Living with PD: a never-ending marathon

A personal interview portrait from the inside. Depicted is a retired police man, now a patient, describing how Parkinson’s disease turned his life upside-down.

”Afterwards, it feels like having run a marathon”

I got the first clue that something wasn’t right at the warm-up session ahead of a long-distance race two years prior to getting the definitive diagnosis of Parkinson’s disease. Coordination and lifting of arms and legs didn’t really work properly.

It was an irony of fate, here I had stopped smoking and was a serious exerciser, and eight years later the disease forced me to stop working, and I became what was called a retiree on disability, at the age of 58. Life took a swift turn, from leading an exciting professional life as a police man, to being a patient with Parkinson’s disease.

My earlier voluntary exercise has now been replaced by a much more forced one. I occasionally suffer from involuntary movements, which afterwards feels like having run a marathon as you are completely exhausted. The problem is also that I do not know how I will feel the next day. Some days come with the involuntary movements, and then it is a challenge just to be able to sit at a table and eat, to say the least. Other days, I can be so stiff that I have to crawl to the toilet and Mary, my wife of nearly 50 years, has to help me.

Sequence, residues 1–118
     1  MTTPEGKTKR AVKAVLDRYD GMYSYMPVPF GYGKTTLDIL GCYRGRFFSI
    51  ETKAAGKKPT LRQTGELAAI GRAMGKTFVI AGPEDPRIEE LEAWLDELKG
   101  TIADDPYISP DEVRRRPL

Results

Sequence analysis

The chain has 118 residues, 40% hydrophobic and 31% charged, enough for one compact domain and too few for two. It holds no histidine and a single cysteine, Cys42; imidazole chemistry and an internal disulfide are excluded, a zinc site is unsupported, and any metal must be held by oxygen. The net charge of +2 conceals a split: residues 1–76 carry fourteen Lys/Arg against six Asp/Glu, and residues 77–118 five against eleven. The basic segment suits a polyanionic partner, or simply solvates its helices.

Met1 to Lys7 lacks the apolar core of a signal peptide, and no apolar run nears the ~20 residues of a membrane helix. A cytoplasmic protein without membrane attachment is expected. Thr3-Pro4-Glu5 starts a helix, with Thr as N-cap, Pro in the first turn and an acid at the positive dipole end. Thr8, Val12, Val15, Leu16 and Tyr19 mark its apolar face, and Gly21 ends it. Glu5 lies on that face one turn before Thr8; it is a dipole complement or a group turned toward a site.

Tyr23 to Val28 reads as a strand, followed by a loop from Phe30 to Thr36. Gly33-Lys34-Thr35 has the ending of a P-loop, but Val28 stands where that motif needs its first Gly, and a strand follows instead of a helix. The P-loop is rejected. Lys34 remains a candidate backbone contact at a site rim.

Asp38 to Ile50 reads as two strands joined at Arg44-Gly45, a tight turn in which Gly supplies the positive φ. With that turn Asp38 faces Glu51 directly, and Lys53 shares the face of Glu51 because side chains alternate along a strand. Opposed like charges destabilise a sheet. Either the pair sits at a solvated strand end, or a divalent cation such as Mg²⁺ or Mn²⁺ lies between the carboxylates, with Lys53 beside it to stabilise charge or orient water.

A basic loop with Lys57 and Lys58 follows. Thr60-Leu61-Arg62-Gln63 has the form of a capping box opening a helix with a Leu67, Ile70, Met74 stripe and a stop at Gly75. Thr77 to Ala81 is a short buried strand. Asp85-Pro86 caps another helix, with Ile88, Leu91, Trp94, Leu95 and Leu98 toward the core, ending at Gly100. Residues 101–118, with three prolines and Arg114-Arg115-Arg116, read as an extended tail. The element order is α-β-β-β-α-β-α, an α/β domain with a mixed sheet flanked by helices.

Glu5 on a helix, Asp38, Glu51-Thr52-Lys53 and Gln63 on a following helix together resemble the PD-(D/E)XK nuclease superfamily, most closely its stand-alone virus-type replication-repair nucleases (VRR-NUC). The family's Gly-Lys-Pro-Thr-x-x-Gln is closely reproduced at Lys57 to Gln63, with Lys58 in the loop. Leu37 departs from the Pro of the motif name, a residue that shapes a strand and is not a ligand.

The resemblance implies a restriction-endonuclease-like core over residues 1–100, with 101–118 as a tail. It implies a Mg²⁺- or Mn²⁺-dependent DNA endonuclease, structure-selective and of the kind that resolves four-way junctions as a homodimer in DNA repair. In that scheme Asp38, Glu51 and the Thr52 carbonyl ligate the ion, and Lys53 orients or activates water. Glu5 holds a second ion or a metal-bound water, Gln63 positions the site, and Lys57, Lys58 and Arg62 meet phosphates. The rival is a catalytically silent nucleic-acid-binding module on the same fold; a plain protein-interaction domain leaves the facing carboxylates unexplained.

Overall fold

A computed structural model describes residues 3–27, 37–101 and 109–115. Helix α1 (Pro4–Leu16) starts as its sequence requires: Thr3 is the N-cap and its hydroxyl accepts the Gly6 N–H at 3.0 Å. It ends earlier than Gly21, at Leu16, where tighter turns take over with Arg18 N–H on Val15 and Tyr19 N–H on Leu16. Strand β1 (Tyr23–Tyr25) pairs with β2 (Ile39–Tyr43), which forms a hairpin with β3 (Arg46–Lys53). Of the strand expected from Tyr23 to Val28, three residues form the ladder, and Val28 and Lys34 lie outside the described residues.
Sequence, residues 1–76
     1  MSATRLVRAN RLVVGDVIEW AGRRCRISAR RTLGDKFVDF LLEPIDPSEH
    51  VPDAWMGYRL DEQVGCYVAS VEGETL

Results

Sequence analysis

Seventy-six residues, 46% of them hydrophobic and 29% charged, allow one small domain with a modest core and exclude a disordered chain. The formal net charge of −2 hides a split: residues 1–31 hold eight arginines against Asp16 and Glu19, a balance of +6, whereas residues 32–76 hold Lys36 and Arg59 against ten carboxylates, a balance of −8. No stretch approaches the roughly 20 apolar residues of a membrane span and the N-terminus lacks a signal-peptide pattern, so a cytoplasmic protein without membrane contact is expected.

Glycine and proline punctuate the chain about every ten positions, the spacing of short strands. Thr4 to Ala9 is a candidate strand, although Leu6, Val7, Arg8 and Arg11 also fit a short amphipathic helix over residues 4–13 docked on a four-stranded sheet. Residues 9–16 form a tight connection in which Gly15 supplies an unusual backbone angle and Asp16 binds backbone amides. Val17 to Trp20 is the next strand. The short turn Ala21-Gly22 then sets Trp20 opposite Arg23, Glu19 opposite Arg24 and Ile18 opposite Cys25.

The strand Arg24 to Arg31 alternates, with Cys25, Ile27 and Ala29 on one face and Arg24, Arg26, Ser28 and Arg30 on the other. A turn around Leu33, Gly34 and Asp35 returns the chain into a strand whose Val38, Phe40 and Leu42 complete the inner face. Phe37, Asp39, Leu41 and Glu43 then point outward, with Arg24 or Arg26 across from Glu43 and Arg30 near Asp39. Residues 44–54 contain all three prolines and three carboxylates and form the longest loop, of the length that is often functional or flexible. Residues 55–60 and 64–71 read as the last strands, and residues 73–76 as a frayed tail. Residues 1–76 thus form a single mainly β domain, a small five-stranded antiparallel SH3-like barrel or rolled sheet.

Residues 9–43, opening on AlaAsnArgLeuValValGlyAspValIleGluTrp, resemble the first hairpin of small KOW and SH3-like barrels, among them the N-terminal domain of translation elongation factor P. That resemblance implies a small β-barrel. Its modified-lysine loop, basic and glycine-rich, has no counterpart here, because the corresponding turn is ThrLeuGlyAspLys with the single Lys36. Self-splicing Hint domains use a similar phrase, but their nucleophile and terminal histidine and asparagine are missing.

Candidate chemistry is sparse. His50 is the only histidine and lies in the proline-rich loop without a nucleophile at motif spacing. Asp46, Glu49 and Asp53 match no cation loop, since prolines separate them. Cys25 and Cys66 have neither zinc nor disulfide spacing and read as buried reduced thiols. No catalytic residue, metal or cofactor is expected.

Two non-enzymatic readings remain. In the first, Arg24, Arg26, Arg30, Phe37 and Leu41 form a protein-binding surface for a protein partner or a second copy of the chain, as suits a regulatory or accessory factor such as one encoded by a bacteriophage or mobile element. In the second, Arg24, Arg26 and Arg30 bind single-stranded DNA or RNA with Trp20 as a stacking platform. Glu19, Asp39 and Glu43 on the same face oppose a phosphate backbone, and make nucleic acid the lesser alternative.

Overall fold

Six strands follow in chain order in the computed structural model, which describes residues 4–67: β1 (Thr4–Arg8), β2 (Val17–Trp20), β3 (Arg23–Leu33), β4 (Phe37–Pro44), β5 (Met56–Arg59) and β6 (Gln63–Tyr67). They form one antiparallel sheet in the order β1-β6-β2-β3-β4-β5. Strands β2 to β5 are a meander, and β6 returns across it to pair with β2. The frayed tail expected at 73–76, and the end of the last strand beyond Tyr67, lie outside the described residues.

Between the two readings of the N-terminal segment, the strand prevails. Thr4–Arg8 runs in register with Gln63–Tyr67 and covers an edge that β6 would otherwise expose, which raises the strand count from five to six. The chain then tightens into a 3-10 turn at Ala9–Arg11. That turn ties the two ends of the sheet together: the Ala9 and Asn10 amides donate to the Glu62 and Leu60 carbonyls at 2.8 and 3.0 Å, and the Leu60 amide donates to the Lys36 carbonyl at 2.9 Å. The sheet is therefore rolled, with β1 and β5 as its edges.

My quality of life is clearly affected, but I refuse to sit down and mope. In addition to a fantastic wife, I also try to fill my life with meaningful activities. I am active in a patient group through which I meet other patients with Parkinson’s disease. Although we have various symptoms, we share the experience of having a chronic illness. The disease will unfortunately have its way, but I will fight for a while more.

Mary, married to John: I suffer with him
It goes up and down for John and it can be a bit hard from time to time. Everyday life can be difficult to plan and it happens that we have to cancel a planned activity with short notice. At the same time, it feels good to be at home and able to provide help, for example with a toilet visit when the stiffness has set. I also suffer with John when the involuntary movements set in, when just eating becomes very difficult. But I take time to do my own things every now and then, like yesterday when I met with my weaving group. It may seem wrong when the first advice to a patient with Parkinson’s disease can be to remove the rugs. We have laughed a lot at that.

This is an individual portrait compiled after an interview, the names used are fictional and distinguishable details have been anonymized.